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All of the information that I've read about triggers seems to indicate that they only work in 'bulk' - ie, if I build an update trigger on an Account object, whenever an Account is updated, the trigger will affect all Account objects.

I want to send an external HTTP request when an Account is updated, containing the Salesforce Object Id of the updated Account: is there a way within the trigger to access only the object that was updated?

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  • 7
    The trigger will only run for the updated records.
    – Akram G
    Aug 2, 2016 at 15:35
  • 3
    ... meaning as few records as 1 record. The point is to code for both 1 or many records.
    – Keith C
    Aug 2, 2016 at 16:15
  • Voting to leave open because I think this User could still have a useful answer for them by explaining what is wrong with their logic.
    – dphil
    Aug 2, 2016 at 18:25

3 Answers 3

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Triggers operate in collections of 200 records.

  • If you update one record in a DML statement, the trigger will have that one record in its collection.

  • If you update 100 records in a DML statement, the trigger will have 100 records in its collection.

  • If you update 200 records in a DML statement, the trigger will have 200 records in its collection.

  • If you update 1000 records in a DML statement, the platform will chunk the 1000 records into groups of 200. Your trigger will run 5 times, with 200 records in each invocation.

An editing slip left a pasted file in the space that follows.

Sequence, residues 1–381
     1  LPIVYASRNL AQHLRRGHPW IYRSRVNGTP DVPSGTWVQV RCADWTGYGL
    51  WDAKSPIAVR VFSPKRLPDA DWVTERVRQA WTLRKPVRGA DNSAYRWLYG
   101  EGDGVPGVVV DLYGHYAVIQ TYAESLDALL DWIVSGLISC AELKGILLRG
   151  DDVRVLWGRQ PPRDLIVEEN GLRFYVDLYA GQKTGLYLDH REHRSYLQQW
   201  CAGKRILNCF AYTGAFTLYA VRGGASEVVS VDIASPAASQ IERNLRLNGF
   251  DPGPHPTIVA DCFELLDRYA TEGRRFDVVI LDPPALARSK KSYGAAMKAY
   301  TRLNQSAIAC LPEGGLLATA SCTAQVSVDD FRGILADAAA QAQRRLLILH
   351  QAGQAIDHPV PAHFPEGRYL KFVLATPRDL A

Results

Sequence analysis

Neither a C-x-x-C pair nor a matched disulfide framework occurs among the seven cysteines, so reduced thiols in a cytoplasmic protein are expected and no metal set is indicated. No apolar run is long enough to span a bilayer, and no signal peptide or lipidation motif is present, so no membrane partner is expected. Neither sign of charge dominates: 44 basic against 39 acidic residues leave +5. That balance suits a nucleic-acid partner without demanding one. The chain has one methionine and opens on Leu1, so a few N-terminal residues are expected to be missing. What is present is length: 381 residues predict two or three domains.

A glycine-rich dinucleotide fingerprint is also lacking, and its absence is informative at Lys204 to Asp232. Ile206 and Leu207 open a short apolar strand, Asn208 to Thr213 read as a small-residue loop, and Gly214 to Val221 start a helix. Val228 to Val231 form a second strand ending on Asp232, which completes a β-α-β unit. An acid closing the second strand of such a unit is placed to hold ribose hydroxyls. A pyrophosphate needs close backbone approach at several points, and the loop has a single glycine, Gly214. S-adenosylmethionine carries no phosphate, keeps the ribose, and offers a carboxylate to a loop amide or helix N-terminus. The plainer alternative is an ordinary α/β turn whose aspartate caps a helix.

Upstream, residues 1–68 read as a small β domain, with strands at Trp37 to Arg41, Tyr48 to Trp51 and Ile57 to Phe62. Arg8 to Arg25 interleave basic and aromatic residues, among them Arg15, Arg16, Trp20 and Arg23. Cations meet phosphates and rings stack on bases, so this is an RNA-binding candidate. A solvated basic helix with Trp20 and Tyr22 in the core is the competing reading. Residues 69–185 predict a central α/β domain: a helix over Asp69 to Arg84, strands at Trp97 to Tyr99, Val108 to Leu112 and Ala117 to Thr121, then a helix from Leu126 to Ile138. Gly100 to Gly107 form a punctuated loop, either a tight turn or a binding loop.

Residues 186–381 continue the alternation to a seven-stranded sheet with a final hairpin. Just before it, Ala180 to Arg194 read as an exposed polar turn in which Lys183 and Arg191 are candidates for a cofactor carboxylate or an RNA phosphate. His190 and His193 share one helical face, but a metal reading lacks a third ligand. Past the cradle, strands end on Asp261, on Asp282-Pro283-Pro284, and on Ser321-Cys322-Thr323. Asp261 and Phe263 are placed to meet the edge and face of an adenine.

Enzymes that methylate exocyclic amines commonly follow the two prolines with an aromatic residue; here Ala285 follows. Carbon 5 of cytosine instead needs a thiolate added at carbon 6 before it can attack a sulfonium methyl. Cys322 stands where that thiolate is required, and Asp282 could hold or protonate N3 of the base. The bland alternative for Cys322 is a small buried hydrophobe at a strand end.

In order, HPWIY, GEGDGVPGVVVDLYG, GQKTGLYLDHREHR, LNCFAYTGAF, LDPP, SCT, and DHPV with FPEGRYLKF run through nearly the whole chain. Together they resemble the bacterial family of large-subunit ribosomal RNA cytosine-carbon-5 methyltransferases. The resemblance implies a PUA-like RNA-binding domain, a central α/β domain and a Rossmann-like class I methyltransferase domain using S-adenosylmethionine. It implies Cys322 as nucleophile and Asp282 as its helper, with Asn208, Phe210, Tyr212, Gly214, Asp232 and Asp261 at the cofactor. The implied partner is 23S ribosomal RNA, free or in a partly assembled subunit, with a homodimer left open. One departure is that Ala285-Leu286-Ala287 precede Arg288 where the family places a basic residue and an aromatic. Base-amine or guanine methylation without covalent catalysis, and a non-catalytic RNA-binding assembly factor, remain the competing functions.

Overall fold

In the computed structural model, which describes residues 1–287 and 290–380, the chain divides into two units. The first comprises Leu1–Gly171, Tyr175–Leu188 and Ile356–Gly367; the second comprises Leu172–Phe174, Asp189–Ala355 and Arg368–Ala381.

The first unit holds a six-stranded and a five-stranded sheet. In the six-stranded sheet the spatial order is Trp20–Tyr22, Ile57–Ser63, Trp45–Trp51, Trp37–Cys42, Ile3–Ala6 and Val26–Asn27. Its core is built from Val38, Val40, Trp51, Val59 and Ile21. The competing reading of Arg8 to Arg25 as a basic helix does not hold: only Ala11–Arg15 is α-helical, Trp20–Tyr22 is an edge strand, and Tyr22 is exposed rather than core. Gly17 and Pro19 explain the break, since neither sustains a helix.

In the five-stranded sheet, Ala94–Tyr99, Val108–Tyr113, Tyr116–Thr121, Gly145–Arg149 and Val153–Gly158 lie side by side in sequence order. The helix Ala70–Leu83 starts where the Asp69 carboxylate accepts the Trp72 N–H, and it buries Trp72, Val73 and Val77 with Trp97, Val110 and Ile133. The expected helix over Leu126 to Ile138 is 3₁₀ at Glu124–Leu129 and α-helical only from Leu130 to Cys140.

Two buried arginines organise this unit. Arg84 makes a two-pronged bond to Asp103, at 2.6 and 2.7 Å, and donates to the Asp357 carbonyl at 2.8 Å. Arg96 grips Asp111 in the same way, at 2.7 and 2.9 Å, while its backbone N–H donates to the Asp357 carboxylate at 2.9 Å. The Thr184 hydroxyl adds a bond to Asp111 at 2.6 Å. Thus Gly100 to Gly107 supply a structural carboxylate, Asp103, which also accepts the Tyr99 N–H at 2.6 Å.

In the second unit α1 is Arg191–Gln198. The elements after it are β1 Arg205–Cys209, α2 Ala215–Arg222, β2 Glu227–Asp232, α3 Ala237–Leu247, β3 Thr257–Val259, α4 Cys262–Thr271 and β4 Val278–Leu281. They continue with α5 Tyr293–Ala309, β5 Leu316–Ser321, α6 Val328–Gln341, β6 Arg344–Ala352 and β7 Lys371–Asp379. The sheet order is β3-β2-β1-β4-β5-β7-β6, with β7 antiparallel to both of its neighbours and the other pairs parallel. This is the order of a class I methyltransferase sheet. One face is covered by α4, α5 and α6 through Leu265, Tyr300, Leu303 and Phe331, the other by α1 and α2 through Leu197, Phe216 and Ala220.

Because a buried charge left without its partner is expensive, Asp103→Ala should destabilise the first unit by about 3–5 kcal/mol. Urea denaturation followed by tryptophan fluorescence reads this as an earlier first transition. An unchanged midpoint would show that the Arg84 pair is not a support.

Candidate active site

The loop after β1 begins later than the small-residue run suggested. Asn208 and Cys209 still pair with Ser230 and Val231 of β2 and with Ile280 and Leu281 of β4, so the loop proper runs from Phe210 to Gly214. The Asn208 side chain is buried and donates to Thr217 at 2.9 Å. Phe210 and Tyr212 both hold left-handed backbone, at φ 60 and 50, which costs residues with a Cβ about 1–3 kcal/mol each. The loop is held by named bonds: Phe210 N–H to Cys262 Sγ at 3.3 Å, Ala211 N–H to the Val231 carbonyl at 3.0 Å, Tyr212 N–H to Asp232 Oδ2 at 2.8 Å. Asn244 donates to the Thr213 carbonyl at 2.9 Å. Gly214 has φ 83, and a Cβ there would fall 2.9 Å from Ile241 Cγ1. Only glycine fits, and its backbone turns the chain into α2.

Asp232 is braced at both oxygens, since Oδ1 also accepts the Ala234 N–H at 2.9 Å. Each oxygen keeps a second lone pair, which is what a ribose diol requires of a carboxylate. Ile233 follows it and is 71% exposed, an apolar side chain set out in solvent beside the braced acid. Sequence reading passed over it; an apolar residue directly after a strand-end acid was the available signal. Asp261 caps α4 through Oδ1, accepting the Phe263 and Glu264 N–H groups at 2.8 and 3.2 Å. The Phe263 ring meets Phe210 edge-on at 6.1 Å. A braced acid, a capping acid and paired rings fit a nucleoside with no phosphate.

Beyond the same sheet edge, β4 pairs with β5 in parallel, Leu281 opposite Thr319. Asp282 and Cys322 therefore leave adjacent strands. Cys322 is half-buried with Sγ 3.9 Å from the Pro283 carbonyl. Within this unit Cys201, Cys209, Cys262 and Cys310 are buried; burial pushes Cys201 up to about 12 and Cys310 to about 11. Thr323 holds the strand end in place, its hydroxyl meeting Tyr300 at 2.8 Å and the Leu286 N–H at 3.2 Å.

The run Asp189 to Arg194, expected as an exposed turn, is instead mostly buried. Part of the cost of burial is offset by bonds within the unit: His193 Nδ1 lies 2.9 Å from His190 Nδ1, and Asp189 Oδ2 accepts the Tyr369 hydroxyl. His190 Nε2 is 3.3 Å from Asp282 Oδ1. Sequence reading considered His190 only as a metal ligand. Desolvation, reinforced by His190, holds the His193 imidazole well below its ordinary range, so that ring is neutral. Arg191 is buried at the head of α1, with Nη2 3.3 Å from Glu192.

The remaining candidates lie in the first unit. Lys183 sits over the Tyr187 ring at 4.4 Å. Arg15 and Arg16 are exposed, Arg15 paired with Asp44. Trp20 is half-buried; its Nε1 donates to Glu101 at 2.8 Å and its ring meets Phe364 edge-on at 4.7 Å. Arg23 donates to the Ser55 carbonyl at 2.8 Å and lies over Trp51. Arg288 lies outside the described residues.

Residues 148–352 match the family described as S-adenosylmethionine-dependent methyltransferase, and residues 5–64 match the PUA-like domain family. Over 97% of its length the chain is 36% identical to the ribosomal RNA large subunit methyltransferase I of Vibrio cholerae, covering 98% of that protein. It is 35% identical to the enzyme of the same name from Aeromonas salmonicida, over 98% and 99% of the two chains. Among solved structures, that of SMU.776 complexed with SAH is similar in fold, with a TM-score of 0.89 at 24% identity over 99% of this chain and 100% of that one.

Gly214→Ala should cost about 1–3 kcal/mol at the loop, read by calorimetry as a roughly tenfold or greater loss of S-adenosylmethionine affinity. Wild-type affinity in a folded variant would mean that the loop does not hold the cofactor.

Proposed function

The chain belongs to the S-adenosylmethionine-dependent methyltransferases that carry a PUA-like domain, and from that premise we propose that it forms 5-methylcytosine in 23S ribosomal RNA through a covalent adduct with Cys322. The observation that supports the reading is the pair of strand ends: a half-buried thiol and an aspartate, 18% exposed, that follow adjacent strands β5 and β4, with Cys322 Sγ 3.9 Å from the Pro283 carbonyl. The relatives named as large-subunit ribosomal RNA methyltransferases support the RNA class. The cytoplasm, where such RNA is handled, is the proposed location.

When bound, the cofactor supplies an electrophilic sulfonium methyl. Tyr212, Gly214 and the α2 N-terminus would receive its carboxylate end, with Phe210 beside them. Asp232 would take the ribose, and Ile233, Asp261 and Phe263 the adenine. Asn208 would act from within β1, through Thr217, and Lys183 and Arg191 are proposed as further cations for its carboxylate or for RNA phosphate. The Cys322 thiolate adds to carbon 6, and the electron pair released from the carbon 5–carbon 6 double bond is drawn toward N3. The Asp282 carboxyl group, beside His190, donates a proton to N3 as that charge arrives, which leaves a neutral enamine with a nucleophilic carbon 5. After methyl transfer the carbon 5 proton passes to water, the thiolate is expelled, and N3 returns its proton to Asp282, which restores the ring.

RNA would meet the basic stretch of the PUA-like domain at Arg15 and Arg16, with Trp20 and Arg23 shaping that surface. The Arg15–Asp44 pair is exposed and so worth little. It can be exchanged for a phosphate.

Triggers must be written to handle records in collections of 200. Your use case currently might only be that one record will be updated and one HTTP Request will be made to an external system but there are plenty of ways that more than one Account can be updated at a time and your code needs to handle those scenarios gracefully.

Your unit tests for this trigger's behavior should also address the scenario of updating 200 records in one transaction and that the external callout behaves as you intend.


Some info about using Queueables instead of @future methods to perform a callout to an external system invoked from a trigger, which might be useful to you.

https://developer.salesforce.com/blogs/developer-relations/2015/05/queueable-apex-future.html

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  • Thanks Mark - you're right - I was thinking about a single use case, not about multiple records being updated at the same time. Kudos to Nick Cook below for the note about Trigger.new always being a list of objects.
    – dbcn
    Aug 2, 2016 at 20:43
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All of the information that I've read about triggers seems to indicate that they only work in 'bulk' - ie, if I build an update trigger on an Account object, whenever an Account is updated, the trigger will affect all Account objects.